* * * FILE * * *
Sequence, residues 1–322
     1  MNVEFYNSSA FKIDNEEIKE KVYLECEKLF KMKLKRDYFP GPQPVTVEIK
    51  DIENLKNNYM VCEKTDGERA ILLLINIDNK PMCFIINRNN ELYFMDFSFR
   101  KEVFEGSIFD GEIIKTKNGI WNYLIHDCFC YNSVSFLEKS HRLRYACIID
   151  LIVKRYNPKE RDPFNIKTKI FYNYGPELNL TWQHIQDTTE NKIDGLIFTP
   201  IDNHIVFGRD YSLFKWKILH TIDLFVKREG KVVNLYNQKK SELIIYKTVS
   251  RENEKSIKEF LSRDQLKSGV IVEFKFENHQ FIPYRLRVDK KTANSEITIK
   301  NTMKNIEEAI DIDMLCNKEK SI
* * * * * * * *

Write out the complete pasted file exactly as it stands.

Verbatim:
Sequence, residues 1–322
     1  MNVEFYNSSA FKIDNEEIKE KVYLECEKLF KMKLKRDYFP GPQPVTVEIK
    51  DIENLKNNYM VCEKTDGERA ILLLINIDNK PMCFIINRNN ELYFMDFSFR
   101  KEVFEGSIFD GEIIKTKNGI WNYLIHDCFC YNSVSFLEKS HRLRYACIID
   151  LIVKRYNPKE RDPFNIKTKI FYNYGPELNL TWQHIQDTTE NKIDGLIFTP
   201  IDNHIVFGRD YSLFKWKILH TIDLFVKREG KVVNLYNQKK SELIIYKTVS
   251  RENEKSIKEF LSRDQLKSGV IVEFKFENHQ FIPYRLRVDK KTANSEITIK
   301  NTMKNIEEAI DIDMLCNKEK SI